And the thing, the thing with John, the small thing of John getting it right and pointing toward Jesus? Well, he tells these two friends and they come close to Jesus. And just like it happened with John, being with him, spending time with him, they know he is the One. They start pointing. They start pointing it out to other friends. Andrew for one. And guess what? Andrew has a brother! And the brother? His name is Simon. Andrew, the friend of John the Baptist, tells his brother Simon about the man – the man who is the One.
And this bumbling, evolving, simple story, this story of a few friends among friends, is about to get bigger – much bigger. This brother named Simon will be renamed “Peter” – the Rock – by the One. The little story doesn’t stay a little story. It grows into a way bigger story of God’s imagining – an ends-of-the-earth kind of story.
We can’t take it all in. It is so much bigger than we can imagine. In fact, it is a journey of following that will take a lifetime. We will have moments of seeing and then, like John, we forget. And then we see again. It’s okay; God knows this about us. We are journeying to be with Jesus, in fits and starts now, but seeing the whole, big picture later.
And in the meantime?
Don’t worry about the bumbling. God already knows about that and picked you anyway. Just keep pointing. Just keep remembering. You will forget. And then it will come clear to you again. Others need to come. Others need to know where the One stays (Hint: it’s usually with the folks on the margins!). God is not going to give up. God’s target is not only your block. It’s not merely your parish. It’s not just your city. It’s your heart – and the very ends of the earth.
God is trying to do something so much bigger than we can imagine. How do we allow our thinking to get stretched? Where do you see glimmers of the One in your time? When have you felt an urge to turn and follow the One? When do you get most excited about following – more excited than you had previously imagined? What might it look like for you to allow yourself to stretch, to allow God’s story in your life to get bigger?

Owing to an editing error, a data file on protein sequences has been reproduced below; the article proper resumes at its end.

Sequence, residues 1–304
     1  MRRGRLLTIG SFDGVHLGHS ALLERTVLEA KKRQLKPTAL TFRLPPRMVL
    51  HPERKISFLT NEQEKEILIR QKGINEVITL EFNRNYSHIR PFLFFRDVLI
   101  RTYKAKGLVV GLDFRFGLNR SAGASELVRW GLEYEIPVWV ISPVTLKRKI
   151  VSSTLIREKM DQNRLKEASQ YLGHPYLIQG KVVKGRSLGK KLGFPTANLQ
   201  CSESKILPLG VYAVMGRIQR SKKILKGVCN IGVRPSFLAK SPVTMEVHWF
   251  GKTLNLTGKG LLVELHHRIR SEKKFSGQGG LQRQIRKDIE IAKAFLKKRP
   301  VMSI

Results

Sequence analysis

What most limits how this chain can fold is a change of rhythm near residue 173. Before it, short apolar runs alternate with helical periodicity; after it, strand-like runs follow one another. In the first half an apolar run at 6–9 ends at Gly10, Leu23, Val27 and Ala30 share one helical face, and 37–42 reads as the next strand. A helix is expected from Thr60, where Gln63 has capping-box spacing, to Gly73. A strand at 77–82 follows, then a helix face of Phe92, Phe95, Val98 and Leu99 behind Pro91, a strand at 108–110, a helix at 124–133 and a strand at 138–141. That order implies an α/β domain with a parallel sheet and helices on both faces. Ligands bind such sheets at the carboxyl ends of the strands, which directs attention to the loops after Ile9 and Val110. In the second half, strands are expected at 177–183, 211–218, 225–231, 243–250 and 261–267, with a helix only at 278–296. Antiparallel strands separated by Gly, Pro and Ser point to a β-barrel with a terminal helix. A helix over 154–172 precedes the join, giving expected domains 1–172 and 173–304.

Anne Zobel is a postulant from the Diocese of Southern Virginia in her second year of an M.Div. program at Bexley Seabury Seminary. She loves all things tree – for the many lessons they teach about cycles, rootedness, and being agents of transformation. She and her husband love to hike the mountains of Virginia and spend time with their four grown children. Anne’s preferred method of Jesus-following is breaking open the stories of God at work in community with wondering.
Bible Study: Epiphany 2 (A)
January 15, 2023
The season of Epiphany is when we celebrate the revealing of Christ to the world. We mark the arrival of the One who is the light of the world: a light that brings life, a light that brings hope. This light shines its brightest when we are in community – with God and with one another.